In block 457, the processor of the computing device 110 may obtain the width “w1” of the image in pixels. For example, the processor may obtain the width of the image sensor within the maximum field of the camera of the computing device 110.
  • [0075]
    In block 459, the processor of the computing device 110 may obtain the width “w2” of the object in pixels. For example, the processor may have recognized the object after a search of an image frame in which the object (e.g., finger) appears. Thus, the processor may “count” or otherwise determine the number of pixels comprising the object width in the image.
  • [0076]
    In block 461, the processor of the computing device 110 may obtain a camera field of view “α” (angle of view). For example, the angle of view parameter may be established based on the lens and the sensor size of the computing device 110.
  • [0077]
    In block 463, the processor of the computing device 110 may calculate an object size, such as the finger feature length (e.g., the length of the DIC 116) based on the obtained and calculated parameters. For example, the processor of the computing device may calculate the finger feature length using the parameters obtained in blocks 457, 459, and 461 and based on the object distance calculated in block 455 and the expression set forth in EQ(2).
  • [0078]
    In block 465, the processor of the computing device 110 may determine, such as through calculation, approximation, estimation, etc. the size of the user's finger based on the calculated finger feature length. In some embodiments, the processor may use the calculated finger feature length to look up a finger size value, such as a fingertip size, based on previously stored values. In some embodiments, the processor may estimate the fingertip area using sectional approximations based on the calculated feature length. In some embodiments, the processor may calculate a perpendicular distance from the finger feature to the tip of the finger and estimate the fingertip area using the calculated finger feature length and the calculated feature to tip dimension. In some embodiments, combinations of methods may be used.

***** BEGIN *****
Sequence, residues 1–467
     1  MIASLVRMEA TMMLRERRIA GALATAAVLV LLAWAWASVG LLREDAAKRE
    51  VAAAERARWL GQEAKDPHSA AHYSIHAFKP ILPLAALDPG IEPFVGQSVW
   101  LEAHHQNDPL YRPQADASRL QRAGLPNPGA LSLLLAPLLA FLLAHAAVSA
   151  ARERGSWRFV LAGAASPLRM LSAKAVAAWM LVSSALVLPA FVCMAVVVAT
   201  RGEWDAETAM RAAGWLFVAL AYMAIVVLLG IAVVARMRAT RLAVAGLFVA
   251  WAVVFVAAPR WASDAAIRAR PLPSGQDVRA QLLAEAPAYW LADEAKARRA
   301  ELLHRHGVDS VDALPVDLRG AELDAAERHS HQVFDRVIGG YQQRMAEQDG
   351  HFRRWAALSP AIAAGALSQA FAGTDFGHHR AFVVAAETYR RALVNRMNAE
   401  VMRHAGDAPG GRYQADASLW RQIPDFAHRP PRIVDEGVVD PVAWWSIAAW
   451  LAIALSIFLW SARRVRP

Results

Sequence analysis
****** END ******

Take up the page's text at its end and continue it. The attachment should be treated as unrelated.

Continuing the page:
• [0079]
    FIG. 4E illustrates a method 407 for determining a size adjustment of one or more keys of a soft keyboard based on a calculated finger size of a user of a computing device based on a reference or standard key size.
  • [0080]
    In block 467, the processor of the computing device 110 may compare the determined finger size, (e.g., blocks 419, 465) to a standard finger size. The standard finger size may correspond to the default key size setting for the soft keyboard.
  • [0081]
    In determination block 469, the processor may determine whether the finger size is larger than the standard finger size based on the comparison. In response to determining that the finger size is larger than the standard finger size threshold (i.e., determination block 469=“Yes”), the processor of the computing device may increase the size of one or more keys of the soft keyboard. For example, the processor may increase the key size from the standard key size by a factor that corresponds to the degree to which the finger size is larger (e.g., a ratio or percentage) than the standard finger size (up to a maximum key size).
  • [0082]
    In response to determining that the finger size is not larger than the standard finger size threshold (i.e., determination block 469=“No”), the processor may determine whether the finger size is smaller than the standard finger size in determination block 471. In response to determining that the finger size is not smaller than the standard finger size (i.e., determination block 471=“No”), the processor of the computing device may continue to compare the determined and standard finger sizes in block 467. In response to determining that the finger size is smaller than the standard finger size (i.e., determination block 471=“Yes”), the processor of the computing device may decrease the size of one or more keys of the soft keyboard. For example, the processor may decrease the key size by a factor that corresponds to the degree to which the finger size is less than the standard key size (up to a minimum key size).